Based on what your radiologist sees on your mammogram, you may be asked to return for a diagnostic mammogram. It’s not unusual to be called back after a screening mammogram. This is because your radiologist may not have any previous comparison or may need to look more carefully at a specific area of the breast. The additional imaging is usually necessary to clarify a finding on your screening mammogram. Most findings are not cancer, but it’s important to have the additional imaging done. This may include specialized and tightly focused X-ray pictures, known as a magnification or compression view, or possibly a breast ultrasound.

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The Mayo Clinic Diet: A weight-loss program for life

August 3rd, 2011 by admin

The Mayo Clinic Diet is a different approach to weight loss. It’s a lifestyle that can help you maintain a healthy weight for a lifetime.

By Mayo Clinic staff

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If you’re overweight, you’ve probably tried many diet and weight-loss plans, yet the weight keeps coming back. You might have even tried what you thought was a Mayo Clinic diet — but it was probably bogus.

If the diets you’ve tried haven’t worked, don’t be surprised or call it quits. Most people who diet find that weight loss is a never-ending roller coaster ride. You may lose some weight at first, but then the weight loss stops or you regain the weight.

The problem may be that you just haven’t found the right approach yet. The Mayo Clinic Diet — the real one, that is — can help. The Mayo Clinic Diet isn’t like most diets. The Mayo Clinic Diet is a lifestyle approach that can improve your health and help you maintain a healthy weight for a lifetime.

The Mayo Clinic Diet: A new approach to healthy weight

The Mayo Clinic Diet is a program that helps you make simple, healthy, pleasurable changes in your lifestyle that result in a weight you can maintain for the rest of your life. Why the emphasis on lifestyle? It turns out that a healthy lifestyle is also a great way to lose weight and keep it off. You get better health and better weight. Not a bad deal.

Perhaps best of all, this program is enjoyable. Eating is one of the great joys in life. What you eat on this diet has to taste good, or you won’t do it. The Mayo Clinic Diet emphasizes foods that not only are healthy but also taste great.

The Mayo Clinic Diet: How does it work?

The Mayo Clinic Diet involves changing habits. With the Mayo Clinic Diet, you work to reshape your lifestyle by breaking unhealthy old habits that sabotage your weight and adopting healthy new habits that will lead you down a path toward better health.

The Mayo Clinic Diet has two phases:

  • Lose It! This two-week phase is designed to help you begin seeing results right away, with weight loss of 6 to 10 pounds (2.7 to 4.5 kilograms, or kg). Unlike fad diets that promise rapid weight loss, the Mayo Clinic Diet approach is safe and healthy while building momentum and enthusiasm. It’s based on changing habits for a lifetime so that the weight you lose doesn’t come back, as it probably has in the past on fad diets.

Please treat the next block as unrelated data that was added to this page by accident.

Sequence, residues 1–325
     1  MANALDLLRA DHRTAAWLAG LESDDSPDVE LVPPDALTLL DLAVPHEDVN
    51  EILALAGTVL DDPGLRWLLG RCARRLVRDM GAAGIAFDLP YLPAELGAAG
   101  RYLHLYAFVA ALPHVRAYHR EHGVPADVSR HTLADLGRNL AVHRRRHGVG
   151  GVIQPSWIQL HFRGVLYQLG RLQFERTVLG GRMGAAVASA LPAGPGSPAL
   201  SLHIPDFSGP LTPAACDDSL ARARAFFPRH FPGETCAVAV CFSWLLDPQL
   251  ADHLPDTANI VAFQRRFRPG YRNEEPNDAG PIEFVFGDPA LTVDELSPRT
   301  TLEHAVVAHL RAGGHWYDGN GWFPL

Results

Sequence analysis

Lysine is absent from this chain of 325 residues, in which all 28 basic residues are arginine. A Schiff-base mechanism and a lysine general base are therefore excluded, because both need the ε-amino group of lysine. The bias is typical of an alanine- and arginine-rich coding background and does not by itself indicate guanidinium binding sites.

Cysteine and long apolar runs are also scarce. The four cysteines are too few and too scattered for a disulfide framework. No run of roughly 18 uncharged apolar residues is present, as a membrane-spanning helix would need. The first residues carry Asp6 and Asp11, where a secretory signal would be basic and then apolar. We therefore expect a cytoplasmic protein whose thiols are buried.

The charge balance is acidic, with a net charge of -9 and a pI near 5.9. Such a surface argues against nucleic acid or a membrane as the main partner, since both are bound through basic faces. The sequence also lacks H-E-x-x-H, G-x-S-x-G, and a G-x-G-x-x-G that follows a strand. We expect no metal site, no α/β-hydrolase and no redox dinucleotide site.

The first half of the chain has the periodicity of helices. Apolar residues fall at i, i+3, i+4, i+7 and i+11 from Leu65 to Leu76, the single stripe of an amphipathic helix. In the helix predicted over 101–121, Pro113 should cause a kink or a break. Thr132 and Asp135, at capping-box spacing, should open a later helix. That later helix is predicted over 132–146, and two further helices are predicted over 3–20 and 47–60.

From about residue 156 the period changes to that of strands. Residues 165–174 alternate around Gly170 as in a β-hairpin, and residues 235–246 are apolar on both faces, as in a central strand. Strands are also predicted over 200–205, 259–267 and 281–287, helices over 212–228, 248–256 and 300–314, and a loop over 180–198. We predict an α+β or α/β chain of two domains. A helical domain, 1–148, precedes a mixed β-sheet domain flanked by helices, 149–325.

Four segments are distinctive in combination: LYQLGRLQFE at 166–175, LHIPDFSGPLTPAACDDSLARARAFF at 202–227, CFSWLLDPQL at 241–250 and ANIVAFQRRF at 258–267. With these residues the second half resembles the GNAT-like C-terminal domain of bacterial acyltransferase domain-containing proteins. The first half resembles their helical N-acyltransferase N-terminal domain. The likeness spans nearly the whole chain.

• Live It! This second phase builds on Lose It! and is designed to help you continue to lose weight at a rate of 1 to 2 pounds (0.5 to 1 kg) a week until you reach your weight goal. This phase also helps you maintain your weight goal permanently by continuing and tweaking lifelong healthy habits.

Within each phase, the diet helps you uncover your inner motivation — what really matters to you — that will help keep you on track in your effort to lose weight.

Click here to go to Page 2 > Mayo Clinic Diet for Life

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Fibromyalgia misconceptions: Interview with a Mayo Clinic expert

March 30th, 2011 by admin

photo of Connie Ludtke, R.N.

Connie Ludtke, R.N.

by Mayo Clinic Staff

Get the facts about these common fibromyalgia myths. Learning all you can about fibromyalgia is the first step toward gaining control of your symptoms.

Fibromyalgia is a widely misunderstood condition that causes widespread pain and fatigue. If you’ve been diagnosed with fibromyalgia and are trying to learn all you can about the condition, you may come across some myths and misconceptions about fibromyalgia.

In this interview, Connie Luedtke, R.N., the nursing supervisor of the Fibromyalgia and Chronic Fatigue Clinic at Mayo Clinic, Rochester, Minn., answers questions about some of the most common misconceptions about fibromyalgia.

What is the most common misconception about fibromyalgia?

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The top misconception is that people think fibromyalgia isn’t a real medical problem or that it is “all in your head.” It’s sometimes thought of as a “garbage-can diagnosis” — if doctors can’t find anything else wrong with you, they say you have fibromyalgia. Being diagnosed with fibromyalgia does require that you meet specific criteria, including painful tender points above and below the waist on both sides of the body.

There’s a lot that’s unknown about fibromyalgia, but researchers have learned more about it in just the past few years. In people who have fibromyalgia, the brain and spinal cord process pain signals differently; they react more strongly to touch and pressure, with a heightened sensitivity to pain. It is a real physiological and neurochemical problem.

Click here to read the rest of this article on fibromyalgia misconceptions from the Mayo Clinic.